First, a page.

We make our defense of the gospel with gentleness and respect. We cannot live in ways, we cannot talk in ways that contradict our hope. If people take offense at what we say, it should not be because of the manner we deliver the message. Offense may be taken at the context of the message but not because our walk does not match our talk.

Do not be afraid. Remain faithful. Be ready to give an account.

One final question Peter answers for us this morning. The question is, “Why bother? Why should I not be afraid of suffering either because of some physical suffering or less likely in a country like Canada, because I am asked to explain to someone why I am a Christian. Peter’s answer, “For Christ also suffered for sins once for all, the righteous for the unrighteous in order to bring you and me to God. He was put to death in the flesh but made alive in the Spirit. Christ is our example. Christ also suffered.

At the end Peter takes us to the Nephilim, the giants that Ancient Israelites were so afraid of when they first tried to enter the Promised land. In the Sprit, after his resurrection at the time of his ascension Jesus went to the evil spirts that controlled the Nephilim, evil spirits that brought God’s Judgement on the earth, evil spirits that are at work even today.

Jesus went to the most remote and unlikely audience imaginable. There Jesus proclaimed his victory over all authorities, even evil spirits. These evil spirits too, like all other powers in the universe, must now submit to the sovereignty of Jesus. Wherever these powers might be, in every place these powers were secure against Christ, they too submit to his sovereignty.

It is true, at the time of Noah only a few people, eight in total were saved. The point is that as God remembered Noah and his family, God remembers a small group of Christians in Asia Minor. These Christians are not lost to God’s concern in the midst of non-believing humanity. The God who saved Noah and his family now saves these small groups of believers.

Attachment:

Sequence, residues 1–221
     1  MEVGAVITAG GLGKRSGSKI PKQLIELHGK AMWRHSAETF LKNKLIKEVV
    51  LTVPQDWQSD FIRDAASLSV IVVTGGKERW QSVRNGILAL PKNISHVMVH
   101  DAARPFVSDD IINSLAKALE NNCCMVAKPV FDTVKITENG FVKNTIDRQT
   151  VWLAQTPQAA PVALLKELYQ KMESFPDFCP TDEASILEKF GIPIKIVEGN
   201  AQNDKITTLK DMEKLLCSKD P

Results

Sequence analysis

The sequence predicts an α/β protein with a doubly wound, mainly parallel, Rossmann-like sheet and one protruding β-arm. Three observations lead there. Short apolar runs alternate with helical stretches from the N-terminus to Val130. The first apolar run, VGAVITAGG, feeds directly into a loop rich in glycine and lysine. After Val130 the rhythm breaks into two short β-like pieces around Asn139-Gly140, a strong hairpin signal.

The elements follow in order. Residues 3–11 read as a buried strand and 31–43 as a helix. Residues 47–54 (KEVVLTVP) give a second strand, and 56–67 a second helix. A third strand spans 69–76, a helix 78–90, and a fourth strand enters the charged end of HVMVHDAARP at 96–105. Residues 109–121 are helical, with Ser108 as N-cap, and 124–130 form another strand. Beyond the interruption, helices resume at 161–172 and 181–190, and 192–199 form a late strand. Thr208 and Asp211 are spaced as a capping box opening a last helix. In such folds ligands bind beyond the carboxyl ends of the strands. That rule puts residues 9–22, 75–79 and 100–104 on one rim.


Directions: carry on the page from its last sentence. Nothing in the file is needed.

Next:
Peter finishes his picture of Noah with the water imagery of baptism. At the time of Noah water is what Noah and his family needed to be saved from. Yet the water that threatened to drown Noah and his family was also their means of deliverance as the ark floated safely on the surface of the water.

Noah was saved through water. The Christian is saved through the resurrection of Jesus. Baptism is a beautiful picture of that salvation. As water removes dirt from the outside of the body the water becomes the good clean conscience we have as a result of the Holy Spirit’s work in our hearts. But a good conscience cannot save us. Only God saves us. God shows his willingness and power to save visibly and audibly at the time of our baptism.

There are times when we are afraid, just like my grandfather was afraid in the opening days of world war 2, just like the early Israelites were afraid of the Nephilim as they prepared to enter the promised land, just like King Ahaz of Judah was afraid when he faced any army much bigger that his own, just like Peter was afraid at the time he denied knowing Jesus.

That will we do with our fear? Will I be tempted to turn away and live in a way that appears easier, in a way that dishonors the pledge we renew Sunday by Sunday in a worship service like this one.

The challenge from Peter is not to be afraid. The challenge is to remain faithful to Christ. And the challenge is to be ready to make a defense to anyone who demands an accounting of the hope that is in us.

Suffering will come our way in one form or another. But suffering, even death, is not the defeat it appears to be just as the suffering and death of Christ was not the defeat it appeared to be, but was a victory over all angels, all authorities and all powers.

May God help each of us live as His blessed people.

Christoph Reiners

Pastor Christoph was ordained in Vancouver in 1994 and has served congregations in Winnipeg and Abbotsford before coming to Our Saviour in the fall of 2016.